Ned Bertz teaches in the Department of History, University of Hawaii and his areas of interest are South Asia, Africa, Indian Ocean, World History. Bertz says that the uncategorised archives produce surprising finds: ‘An 1884 history of Gujarat will be next to the cinema rules of Bombay in 1953. Law court decisions will be next to a pamphlet on Kathiawad’s population problem.’
After Bombay State was bifurcated into Maharashtra and Gujarat, the latter found itself without a state archives, while the former inherited the Bombay State Archives (later the Maharashtra State Archives). Most of the records relating to Gujarat remained in Bombay, but Gandhinagar saw the need to create its own state archives to collect records scattered across the state as well as centralize other records held in the National Archives of India. The Department of Archives for Gujarat was formally founded in 1971. In the later 1970s and 1980s, the Gujarat State Archives (GSA) expanded to include several branches, varying dramatically in their size and organization. I have been working in several different branches of the GSA since 2009. My overall sense is that the archives are underused, although this is understandable given the uneven nature of its organization.
The headquarters of the GSA is in Gandhinagar, where a library exists but a full records office does not. At least for foreign scholars, permission must be taken here for access to any of the branch archives. The GSA is under the control of a state minister who is also in charge of a range of portfolios including Youth, Sports, Education, and Cultural Activities. All foreigner applications for research have to be cleared by the central state secretariat, as facilitated by the Director of the Archives, which can be an unpredictable process. Each permit is valid for one year. In-person visits and follow-up visits seem essential for clearance. Indian researchers I believe can gain access through a much simpler process.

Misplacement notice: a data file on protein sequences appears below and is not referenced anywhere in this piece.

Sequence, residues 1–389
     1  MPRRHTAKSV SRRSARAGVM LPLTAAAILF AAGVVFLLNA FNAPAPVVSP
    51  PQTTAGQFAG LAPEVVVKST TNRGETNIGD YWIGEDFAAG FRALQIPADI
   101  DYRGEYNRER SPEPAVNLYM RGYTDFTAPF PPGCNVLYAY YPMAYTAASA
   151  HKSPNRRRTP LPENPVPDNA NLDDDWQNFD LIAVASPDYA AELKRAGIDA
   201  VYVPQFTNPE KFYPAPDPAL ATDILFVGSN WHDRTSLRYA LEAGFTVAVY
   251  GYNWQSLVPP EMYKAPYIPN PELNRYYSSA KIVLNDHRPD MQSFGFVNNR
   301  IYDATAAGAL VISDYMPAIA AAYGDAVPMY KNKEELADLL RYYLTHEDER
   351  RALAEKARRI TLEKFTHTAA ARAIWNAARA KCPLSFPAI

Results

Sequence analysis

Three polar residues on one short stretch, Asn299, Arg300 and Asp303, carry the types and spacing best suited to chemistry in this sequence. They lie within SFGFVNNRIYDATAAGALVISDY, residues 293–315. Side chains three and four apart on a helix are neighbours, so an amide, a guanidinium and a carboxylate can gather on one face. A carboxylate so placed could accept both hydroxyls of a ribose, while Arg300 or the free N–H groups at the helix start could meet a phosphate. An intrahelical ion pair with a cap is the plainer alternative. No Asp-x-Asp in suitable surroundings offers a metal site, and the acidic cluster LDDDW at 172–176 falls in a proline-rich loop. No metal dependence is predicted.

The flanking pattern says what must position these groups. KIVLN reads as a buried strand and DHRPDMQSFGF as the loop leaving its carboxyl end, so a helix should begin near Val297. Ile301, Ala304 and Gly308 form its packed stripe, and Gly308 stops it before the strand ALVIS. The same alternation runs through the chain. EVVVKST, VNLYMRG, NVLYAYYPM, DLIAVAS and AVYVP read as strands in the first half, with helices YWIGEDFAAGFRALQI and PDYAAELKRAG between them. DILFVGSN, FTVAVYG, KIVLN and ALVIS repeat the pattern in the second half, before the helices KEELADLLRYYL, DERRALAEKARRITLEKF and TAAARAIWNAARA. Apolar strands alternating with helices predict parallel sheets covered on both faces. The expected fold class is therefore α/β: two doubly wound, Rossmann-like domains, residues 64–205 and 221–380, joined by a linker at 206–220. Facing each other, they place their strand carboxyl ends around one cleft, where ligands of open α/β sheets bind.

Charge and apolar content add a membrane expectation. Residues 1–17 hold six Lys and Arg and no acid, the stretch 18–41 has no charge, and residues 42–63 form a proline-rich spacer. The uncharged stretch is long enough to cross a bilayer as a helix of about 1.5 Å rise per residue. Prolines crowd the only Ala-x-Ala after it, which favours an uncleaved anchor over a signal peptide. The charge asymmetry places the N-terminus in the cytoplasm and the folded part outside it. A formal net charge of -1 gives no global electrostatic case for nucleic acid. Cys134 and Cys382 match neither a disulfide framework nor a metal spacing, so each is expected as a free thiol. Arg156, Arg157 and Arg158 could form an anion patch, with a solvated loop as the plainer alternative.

The largest branches of the GSA are the Southern Circle Record Office in Baroda and the Western Circle Record Office in Rajkot. In working in Rajkot (I have not visited the Baroda office), I found a friendly staff and fair working conditions. There was an ongoing digitization process as of several years ago, and a fairly new building. There is no centralized index to the GSA, but Rajkot has an accession list of holdings in no apparent order. It was clear that not all items held at Rajkot were on that list. For example, a worker there located passport registers for me when I described what I might be interested in. The material held consists mostly of official records and reports dating from the mid-nineteenth to the mid-twentieth century, with a random assortment of books, some of them of historical value.
District Record Offices also exist in Bhavnagar, Jamnagar, Junagadh, and Porbandar, all of which I have visited except for Bhavnagar. Jamnagar and Junagadh, like Rajkot, have accession lists. The latter is housed in the gorgeous old Ayana Mahal, which unfortunately has leakage issues leading to ruined records each monsoon, despite the layers of plastic tarp the dutiful staff deploy every season. Porbandar does not have an accession list, but from a few days working there appears to have a tremendous store of unindexed files, bundled up in a godown away from the main office. Staff in each location are very friendly, although not always trained to assist researchers. Local researchers were present in Rajkot when I worked there, and I assume Baroda as well, but the other branches seem largely unvisited. The District Records Office in Kutch, I have been told, is under the charge of the district and not in the domain of the GSA.
The holdings in the GSA appear to be varied, and are largely in English and Gujarati. Official files from British India are present, as is ample material from the princely states. Jamnagar, Junagadh, Porbandar, and Rajkot have mostly holdings related to Kathiawad. These include administrative reports, law court decisions, legal notices, gazetteers, and statistical accounts. Some files from post-independence are also available. A range of printed books, pamphlets, documents, and other records are in the collection, although I have not seen any newspaper holdings.
No full survey of the GSA exists, to my knowledge. There is a publication called Gujarat State Archives at a Glance (1982), which I first found at the Nehru Memorial Museum and Library in New Delhi. It is also in the archives’ library at Gandhinagar. In 1998, a short piece on the GSA was published in Indian Archives.